Induction of systemic stress tolerance by brassinosteroid in Cucumis sativus


Author for correspondence:
Jing Quan Yu
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  • Brassinosteroids (BRs) are a new class of plant hormones that are essential for plant growth and development. Here, the involvement of BRs in plant systemic tolerance to biotic and abiotic stresses was studied.
  • The effects of 24-epibrassinolide (EBR) on plant stress tolerance were studied through the assessment of symptoms of photooxidative stress by chlorophyll fluorescence imaging pulse amplitude modulation, the analysis of gene expression using quantitative real-time PCR and the measurement of hydrogen peroxide (H2O2) production using a spectrophotometric assay or confocal laser scanning microscopy.
  • Treatment of primary leaves with EBR induced systemic tolerance to photooxidative stress in untreated upper and lower leaves. This was accompanied by the systemic accumulation of H2O2 and the systemic induction of genes associated with stress responses. Foliar treatment of EBR also enhanced root resistance to Fusarium wilt pathogen. Pharmacological study showed that EBR-induced systemic tolerance was dependent on local and systemic H2O2 accumulation. The expression of BR biosynthetic genes was repressed in EBR-treated leaves, but elevated significantly in untreated systemic leaves. Further analysis indicated that EBR-induced systemic induction of BR biosynthetic genes was mediated by systemically elevated H2O2.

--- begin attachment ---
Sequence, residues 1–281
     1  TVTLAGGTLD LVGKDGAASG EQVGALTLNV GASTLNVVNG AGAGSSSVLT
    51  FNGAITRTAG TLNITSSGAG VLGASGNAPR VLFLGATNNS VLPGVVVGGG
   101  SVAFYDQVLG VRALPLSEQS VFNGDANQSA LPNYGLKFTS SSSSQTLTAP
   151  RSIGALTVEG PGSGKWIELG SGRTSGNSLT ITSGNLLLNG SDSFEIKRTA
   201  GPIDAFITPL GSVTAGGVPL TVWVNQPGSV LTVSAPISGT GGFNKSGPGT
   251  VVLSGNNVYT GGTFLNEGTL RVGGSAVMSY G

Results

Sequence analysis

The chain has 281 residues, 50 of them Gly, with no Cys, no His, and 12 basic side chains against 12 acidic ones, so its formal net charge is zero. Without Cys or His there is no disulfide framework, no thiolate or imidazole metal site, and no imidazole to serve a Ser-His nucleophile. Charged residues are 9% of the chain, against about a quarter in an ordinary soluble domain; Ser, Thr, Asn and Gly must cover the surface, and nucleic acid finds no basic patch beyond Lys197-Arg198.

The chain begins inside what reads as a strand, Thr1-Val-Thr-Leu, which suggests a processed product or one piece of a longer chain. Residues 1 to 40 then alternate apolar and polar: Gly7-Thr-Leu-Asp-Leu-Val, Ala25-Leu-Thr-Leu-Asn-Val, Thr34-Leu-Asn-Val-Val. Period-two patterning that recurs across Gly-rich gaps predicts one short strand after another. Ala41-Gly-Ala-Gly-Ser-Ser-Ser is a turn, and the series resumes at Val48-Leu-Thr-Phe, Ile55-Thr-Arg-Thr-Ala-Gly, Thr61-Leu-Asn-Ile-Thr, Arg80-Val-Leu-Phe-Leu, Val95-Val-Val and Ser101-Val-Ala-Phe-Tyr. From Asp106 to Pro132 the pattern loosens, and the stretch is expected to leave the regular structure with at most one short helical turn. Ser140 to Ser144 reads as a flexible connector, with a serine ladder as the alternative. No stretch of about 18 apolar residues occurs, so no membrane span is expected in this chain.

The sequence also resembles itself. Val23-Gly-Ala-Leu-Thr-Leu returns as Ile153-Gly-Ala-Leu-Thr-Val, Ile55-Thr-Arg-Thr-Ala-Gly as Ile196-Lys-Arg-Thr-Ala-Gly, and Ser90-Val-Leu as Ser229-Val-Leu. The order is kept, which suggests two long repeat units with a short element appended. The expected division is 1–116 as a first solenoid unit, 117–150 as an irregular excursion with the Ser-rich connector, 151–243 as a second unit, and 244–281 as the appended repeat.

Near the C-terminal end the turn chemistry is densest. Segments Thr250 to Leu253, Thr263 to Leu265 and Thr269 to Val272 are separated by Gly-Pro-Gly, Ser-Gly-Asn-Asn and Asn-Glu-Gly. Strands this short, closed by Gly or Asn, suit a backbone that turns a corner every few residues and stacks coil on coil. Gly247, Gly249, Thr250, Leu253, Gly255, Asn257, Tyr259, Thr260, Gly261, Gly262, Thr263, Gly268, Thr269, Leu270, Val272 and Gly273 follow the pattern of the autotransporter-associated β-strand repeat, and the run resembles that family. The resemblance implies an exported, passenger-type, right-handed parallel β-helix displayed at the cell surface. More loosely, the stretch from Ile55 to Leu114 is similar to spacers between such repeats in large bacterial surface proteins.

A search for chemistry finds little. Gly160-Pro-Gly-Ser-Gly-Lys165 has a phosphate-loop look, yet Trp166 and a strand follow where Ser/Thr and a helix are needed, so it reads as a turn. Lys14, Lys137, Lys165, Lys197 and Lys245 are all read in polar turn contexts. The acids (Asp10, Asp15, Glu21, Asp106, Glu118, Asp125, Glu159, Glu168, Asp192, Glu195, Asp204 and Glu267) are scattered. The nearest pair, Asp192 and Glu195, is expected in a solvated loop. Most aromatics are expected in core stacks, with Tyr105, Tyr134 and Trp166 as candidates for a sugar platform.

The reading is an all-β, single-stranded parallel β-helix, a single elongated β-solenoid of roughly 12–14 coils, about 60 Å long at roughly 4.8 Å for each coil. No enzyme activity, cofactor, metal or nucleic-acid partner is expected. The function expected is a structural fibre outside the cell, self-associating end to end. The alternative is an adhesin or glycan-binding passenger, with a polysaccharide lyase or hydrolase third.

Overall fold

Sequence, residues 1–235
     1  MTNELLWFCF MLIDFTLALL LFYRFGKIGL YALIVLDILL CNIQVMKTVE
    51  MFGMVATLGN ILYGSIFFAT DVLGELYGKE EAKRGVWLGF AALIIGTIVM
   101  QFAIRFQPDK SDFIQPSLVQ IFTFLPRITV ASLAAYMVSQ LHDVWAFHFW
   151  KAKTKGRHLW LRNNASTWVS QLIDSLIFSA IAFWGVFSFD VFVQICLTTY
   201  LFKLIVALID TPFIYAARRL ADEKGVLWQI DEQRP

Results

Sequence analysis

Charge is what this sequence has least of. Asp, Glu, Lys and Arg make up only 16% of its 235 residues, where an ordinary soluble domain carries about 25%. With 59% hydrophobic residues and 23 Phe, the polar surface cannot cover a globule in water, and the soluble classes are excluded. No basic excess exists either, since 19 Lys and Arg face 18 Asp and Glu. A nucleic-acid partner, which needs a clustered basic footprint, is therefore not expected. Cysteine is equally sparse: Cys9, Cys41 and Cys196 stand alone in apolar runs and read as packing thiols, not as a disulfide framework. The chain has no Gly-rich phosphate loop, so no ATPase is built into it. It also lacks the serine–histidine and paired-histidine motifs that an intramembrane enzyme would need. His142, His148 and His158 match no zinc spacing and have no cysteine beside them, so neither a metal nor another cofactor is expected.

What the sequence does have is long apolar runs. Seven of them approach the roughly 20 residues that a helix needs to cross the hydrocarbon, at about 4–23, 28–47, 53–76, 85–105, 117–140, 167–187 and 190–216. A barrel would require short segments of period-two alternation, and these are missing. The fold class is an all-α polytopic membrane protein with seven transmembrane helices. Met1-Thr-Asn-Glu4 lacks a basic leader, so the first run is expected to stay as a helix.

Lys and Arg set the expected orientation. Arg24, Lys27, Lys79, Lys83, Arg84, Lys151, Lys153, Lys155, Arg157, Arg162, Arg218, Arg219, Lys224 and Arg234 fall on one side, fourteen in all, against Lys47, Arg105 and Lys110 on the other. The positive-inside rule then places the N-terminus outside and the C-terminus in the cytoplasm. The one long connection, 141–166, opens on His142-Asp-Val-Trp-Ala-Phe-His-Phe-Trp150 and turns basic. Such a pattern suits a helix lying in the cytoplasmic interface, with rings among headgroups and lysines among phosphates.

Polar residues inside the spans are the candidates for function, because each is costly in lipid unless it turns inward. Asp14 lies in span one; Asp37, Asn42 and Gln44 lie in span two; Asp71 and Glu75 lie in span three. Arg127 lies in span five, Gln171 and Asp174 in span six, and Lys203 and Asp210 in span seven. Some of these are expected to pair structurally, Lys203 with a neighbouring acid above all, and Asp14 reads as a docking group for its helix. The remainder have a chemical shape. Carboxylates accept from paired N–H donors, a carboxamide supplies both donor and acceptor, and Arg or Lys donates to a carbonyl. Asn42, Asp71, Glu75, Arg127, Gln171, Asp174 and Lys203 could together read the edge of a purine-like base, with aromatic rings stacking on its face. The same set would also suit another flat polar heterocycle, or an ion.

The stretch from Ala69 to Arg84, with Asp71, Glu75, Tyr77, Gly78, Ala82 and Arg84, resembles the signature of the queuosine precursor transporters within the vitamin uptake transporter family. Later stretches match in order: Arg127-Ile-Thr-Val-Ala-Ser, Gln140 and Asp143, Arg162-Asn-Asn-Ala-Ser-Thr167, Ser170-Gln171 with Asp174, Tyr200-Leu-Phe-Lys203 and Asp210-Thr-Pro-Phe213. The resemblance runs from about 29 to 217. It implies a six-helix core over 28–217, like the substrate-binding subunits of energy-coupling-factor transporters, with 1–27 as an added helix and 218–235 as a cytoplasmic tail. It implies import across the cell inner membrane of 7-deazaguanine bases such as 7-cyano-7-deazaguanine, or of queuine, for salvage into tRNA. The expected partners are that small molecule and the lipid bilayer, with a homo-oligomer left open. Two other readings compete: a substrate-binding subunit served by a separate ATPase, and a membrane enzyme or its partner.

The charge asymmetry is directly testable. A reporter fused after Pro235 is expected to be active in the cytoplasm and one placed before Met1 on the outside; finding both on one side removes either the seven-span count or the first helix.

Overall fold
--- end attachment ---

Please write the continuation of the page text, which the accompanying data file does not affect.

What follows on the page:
• These results strongly argue that local EBR treatment can activate the continuous production of H2O2, and the autopropagative nature of the reactive oxygen species signal, in turn, mediates EBR-induced systemic tolerance.